Where a government takes legislative or executive action that purports to unilaterally invalidate or void the stabilisation clause of an investor–state agreement, the extent to which the effect of that measure can be resisted at the contractual level depends largely on the threshold issue of the governing law, coupled with the right to refer disputes on this issue to international arbitration. Properly drafted, these two provisions will act to ensure the mining investor can rely on principles of international law to hold the state to its stability bargain and provide a forum for the investor to do so. The following section explains how these sister provisions – the governing law and the arbitration clause – operate to protect mining investors from unilateral challenges to stabilisation clauses in their host state agreement.
Types of governing law clauses in investor–state agreements
The types of governing law clause that may be found in long-term mining agreements between foreign investors and host governments can be categorised as follows:
- mining agreements with governing law clauses that refer only to the law of the host state;
- mining agreements with mixed governing law clauses that refer to both local law and rules or principles of international law; and
- mining agreements with governing law clauses that refer to foreign law (i.e., the law of a jurisdiction other than that of the host state).
Ideally, during the negotiation stage of an investment agreement, mining investors should seek to include a ‘mixed’ governing law clause, which can simply be achieved by adding the words ‘and relevant principles of international law’ after the reference to host state law in the governing law clause of the agreement. If the governing law clause is drafted this way, the mining investor will have an express contractual basis for invoking principles of international law if the host state takes legislative action that purports to unilaterally modify the terms of its agreement with the investor (including the stabilisation clause).
However, investment agreements often contain governing law clauses that refer only to the law of the host state. This reflects the natural inclination of any host government to have its own law govern a contract by which it confers long-term rights on a foreigner to occupy and exploit resources within a portion of the host government’s territory. Agreements in this category are most exposed to the effects of unilateral legislative measures by the state, for the simple reason that the legislation in question is a creature of the same law that governs the contract. Yet, even where a host state agreement only refers expressly to local law in its governing law clause, there is still a sound legal basis for arguing that the contract is also subject to general principles of international law. As most mining investment agreements contain governing law clauses that refer only to host state law, it is appropriate to focus first on how it may be argued that principles of international law are applicable in this context.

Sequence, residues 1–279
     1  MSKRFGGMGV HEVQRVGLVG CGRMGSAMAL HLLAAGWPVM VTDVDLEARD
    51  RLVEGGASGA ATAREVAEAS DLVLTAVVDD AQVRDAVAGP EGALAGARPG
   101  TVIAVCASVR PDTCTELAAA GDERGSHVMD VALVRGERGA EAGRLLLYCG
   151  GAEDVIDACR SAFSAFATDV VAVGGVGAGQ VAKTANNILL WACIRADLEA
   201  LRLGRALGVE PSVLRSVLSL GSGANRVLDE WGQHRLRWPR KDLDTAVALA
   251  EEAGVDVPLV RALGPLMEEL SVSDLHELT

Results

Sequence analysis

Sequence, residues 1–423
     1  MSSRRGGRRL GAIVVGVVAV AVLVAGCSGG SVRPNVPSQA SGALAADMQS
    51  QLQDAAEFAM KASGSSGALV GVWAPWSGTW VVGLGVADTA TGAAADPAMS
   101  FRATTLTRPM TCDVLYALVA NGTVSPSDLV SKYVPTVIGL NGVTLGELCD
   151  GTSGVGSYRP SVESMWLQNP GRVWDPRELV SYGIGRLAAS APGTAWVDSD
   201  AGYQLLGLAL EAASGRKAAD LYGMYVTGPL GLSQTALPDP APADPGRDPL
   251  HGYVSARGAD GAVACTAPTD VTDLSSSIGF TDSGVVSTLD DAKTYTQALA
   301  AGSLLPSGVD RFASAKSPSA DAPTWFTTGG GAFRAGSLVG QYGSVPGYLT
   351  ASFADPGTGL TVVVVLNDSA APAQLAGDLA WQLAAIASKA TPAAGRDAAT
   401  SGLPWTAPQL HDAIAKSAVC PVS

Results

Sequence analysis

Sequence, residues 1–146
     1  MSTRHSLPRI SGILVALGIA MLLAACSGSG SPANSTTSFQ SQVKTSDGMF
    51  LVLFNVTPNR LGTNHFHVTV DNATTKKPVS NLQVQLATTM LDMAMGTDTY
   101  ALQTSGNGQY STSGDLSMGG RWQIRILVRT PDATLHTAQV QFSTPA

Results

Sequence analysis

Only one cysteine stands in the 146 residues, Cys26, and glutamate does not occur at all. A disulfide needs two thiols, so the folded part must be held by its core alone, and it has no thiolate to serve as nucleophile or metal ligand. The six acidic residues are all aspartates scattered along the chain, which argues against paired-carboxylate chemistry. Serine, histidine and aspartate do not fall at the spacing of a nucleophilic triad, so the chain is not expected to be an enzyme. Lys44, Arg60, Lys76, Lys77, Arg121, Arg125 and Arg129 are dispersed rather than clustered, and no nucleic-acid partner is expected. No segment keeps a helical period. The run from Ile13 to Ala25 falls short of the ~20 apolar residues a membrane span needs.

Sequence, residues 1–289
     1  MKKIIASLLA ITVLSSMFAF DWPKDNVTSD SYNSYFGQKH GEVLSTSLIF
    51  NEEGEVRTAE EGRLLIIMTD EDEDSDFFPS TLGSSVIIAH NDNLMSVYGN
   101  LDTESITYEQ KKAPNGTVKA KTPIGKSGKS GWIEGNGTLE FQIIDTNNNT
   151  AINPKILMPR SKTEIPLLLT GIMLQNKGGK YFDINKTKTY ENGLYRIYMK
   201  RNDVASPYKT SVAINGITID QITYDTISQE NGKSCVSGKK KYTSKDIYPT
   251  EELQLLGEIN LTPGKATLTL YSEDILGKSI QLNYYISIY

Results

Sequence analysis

Principles of international law as part of local law
The first line of argument is based on the proposition that the law of every nation necessarily and naturally includes customary international law (CIL). A principle will form part of CIL where it is reflected in the general and consistent practice of states and is accepted as law by all states (opinio juris). Once a principle forms part of CIL, it is binding on every state (unless a state is a ‘persistent objector’ to the rule, which is extremely rare). In the North Sea Continental Shelf case, the International Court of Justice (ICJ) held that general rules of customary international law ‘by their very nature, must have equal force for all members of the international community, and cannot therefore be the subject of any right of unilateral exclusion exercisable at will by any one of them in its own favour’.
Depending on their political and legal tradition, states vary in the way their domestic legal systems interact with the international legal system (including CIL). Recalling the examples given above, Tanzania is largely based on a common law system, whereas the legal systems of DRC and Mali follow the French civil law legal tradition. In respect of common law countries, it is generally considered that: